11. 1 point
    TallStick is an early stage social enterprise creating digital solutions that support autistic children, their parents and teachers. They have a long-term goal of open sourcing data in order to model the cognitive function of those with autism and improve their lives, and are looking for feedback from parents of autistic children (up to age 16) Link to survey
  12. 1 point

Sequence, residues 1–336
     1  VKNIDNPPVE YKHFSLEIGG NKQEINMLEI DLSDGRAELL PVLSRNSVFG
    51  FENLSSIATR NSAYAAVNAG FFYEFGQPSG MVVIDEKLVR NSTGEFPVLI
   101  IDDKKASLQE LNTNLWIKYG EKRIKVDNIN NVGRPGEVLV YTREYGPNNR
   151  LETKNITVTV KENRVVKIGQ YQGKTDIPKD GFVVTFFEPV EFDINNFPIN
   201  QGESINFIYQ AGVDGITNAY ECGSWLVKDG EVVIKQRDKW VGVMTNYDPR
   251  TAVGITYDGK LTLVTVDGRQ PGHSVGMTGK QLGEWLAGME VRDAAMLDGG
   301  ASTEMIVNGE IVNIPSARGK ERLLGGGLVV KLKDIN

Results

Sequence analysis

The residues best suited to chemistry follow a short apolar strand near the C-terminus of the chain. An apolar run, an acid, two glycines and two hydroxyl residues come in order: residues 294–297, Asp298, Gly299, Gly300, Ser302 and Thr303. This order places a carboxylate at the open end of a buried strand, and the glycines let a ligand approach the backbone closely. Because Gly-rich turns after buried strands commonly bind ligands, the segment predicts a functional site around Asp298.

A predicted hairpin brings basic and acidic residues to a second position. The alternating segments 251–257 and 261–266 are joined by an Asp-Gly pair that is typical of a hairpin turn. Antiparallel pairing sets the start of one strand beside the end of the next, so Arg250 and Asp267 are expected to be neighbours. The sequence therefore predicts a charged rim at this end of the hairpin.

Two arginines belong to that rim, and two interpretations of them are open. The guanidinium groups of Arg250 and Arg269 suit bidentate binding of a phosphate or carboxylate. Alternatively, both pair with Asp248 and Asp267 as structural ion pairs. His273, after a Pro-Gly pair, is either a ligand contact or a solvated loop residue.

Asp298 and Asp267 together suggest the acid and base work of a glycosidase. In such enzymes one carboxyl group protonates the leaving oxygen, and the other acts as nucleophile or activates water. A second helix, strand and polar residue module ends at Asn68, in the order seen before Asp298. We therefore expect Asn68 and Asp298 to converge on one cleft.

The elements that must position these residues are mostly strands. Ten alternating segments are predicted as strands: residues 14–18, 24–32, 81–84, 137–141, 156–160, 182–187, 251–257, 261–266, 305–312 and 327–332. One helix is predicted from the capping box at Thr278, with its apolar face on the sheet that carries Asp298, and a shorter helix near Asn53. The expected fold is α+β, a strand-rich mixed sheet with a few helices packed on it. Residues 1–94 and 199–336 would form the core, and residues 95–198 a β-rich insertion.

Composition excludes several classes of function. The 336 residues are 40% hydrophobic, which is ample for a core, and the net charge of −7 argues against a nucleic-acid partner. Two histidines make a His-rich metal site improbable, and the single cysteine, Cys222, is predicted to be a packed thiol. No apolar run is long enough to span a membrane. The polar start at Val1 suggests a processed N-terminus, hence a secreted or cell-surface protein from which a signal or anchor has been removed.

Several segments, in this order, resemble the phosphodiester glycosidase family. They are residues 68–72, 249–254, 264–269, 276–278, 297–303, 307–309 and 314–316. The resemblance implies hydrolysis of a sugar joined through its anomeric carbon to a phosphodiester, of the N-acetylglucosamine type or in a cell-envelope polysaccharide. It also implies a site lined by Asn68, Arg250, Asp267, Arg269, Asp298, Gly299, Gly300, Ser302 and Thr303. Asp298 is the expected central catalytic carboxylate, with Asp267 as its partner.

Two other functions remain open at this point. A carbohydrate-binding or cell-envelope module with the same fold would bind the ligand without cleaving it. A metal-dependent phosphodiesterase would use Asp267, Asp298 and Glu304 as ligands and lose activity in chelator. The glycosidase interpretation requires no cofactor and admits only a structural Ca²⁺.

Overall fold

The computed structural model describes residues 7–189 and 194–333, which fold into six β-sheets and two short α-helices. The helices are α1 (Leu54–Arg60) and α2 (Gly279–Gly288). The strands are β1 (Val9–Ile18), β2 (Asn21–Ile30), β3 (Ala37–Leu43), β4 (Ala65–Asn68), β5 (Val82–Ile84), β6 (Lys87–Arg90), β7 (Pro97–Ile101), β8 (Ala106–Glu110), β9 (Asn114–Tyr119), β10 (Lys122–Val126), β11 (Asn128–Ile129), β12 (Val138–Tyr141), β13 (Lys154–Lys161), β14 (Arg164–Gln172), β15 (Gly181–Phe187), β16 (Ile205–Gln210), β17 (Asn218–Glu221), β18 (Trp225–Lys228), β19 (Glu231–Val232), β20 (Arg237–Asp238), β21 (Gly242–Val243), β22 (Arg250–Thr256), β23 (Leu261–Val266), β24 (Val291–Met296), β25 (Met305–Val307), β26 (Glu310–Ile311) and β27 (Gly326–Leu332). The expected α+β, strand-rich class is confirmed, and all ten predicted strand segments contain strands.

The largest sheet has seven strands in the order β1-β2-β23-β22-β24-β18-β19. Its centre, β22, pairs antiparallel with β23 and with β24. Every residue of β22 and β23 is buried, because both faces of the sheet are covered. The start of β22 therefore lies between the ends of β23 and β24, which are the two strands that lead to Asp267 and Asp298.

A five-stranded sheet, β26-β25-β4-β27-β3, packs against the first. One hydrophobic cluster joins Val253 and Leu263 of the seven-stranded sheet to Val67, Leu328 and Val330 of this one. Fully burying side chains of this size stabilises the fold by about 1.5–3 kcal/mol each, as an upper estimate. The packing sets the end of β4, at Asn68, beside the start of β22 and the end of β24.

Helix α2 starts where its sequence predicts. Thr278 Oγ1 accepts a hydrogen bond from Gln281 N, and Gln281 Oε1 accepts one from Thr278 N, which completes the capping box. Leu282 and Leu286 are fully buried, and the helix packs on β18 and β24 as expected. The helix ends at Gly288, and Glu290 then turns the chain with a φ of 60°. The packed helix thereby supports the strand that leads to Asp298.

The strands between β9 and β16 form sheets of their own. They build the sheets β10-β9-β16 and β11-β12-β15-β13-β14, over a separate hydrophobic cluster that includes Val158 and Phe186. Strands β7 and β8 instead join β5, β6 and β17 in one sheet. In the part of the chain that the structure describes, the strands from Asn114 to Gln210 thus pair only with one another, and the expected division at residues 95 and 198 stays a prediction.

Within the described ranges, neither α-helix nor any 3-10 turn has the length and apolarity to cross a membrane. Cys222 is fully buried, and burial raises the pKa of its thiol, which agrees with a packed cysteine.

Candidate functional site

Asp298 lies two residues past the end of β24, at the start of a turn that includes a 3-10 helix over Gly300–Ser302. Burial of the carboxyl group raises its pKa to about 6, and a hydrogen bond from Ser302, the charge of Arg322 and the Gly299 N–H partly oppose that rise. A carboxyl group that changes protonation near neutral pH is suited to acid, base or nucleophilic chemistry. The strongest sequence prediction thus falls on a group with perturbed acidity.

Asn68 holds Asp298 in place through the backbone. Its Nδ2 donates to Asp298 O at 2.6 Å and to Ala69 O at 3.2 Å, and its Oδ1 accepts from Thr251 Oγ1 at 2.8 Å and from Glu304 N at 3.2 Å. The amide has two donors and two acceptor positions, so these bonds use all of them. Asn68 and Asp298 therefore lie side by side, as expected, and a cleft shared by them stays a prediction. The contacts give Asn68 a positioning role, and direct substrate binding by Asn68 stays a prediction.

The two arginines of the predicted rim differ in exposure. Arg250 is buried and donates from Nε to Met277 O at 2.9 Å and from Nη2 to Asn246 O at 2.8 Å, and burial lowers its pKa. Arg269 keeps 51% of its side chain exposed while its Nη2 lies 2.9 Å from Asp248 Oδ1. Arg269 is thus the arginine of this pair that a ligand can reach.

It's a tough subject and I feel that no one really knows what we should be eating. Scientists can't grab a bunch of humans and do whatever they want with them, and that makes the whole process very slow. Ethics, eh? You can find studies that support almost any claim in nutrition, and it's going to take scientists a long time to figure out what's good or bad. Let's say we have some studies that say sausages are bad for us, but it's not conclusive. So the scientists go "Great, let's tell 200 humans to eat sausages everyday and see if it's true... oh wait". You see the problem? xD And then there's studies that you might want to take with a grain of salt... "Cheese lowers your bad cholesterol by 30%, according to study, funded by the WeLoveCheese foundation" It's a mess, really. There's only a few dietary-recommendations that have solid evidence behind them, such as avoiding trans-fats. There's a book called "The Bad Food Bible" by Aaron Carroll (a researcher), and he covers some controversial subjects (butter, MSG, eggs, salt and diet-soda), and gives some solid rules for healthy-eating. He also goes into the problems of studies in nutrition. The general "eat a varied diet" recommendation is kinda like: "we don't really know what you should be eating, so eat different foods and hope for the best". It doesn't sit well with me, but I guess it's not a bad recommendation given the problems in nutrition. You can lose weight on any diet where you consume less calories than you burn, but as for what's "healthy", that's a much more difficult problem. I don't think carbs are a problem; some people do well without them, some people do well on them. It's something you need to experiment with and see how you respond, but that can have problems too (placebo). I would personally stick to whole or minimally processed foods, exercise, and roughly follow the recommended carb/protein/fat/fibre intakes. Cronometer is a useful tool for this, and even shows what micronutrients are covered by the foods you eat. It's a great way to create a balanced diet: https://cronometer.com/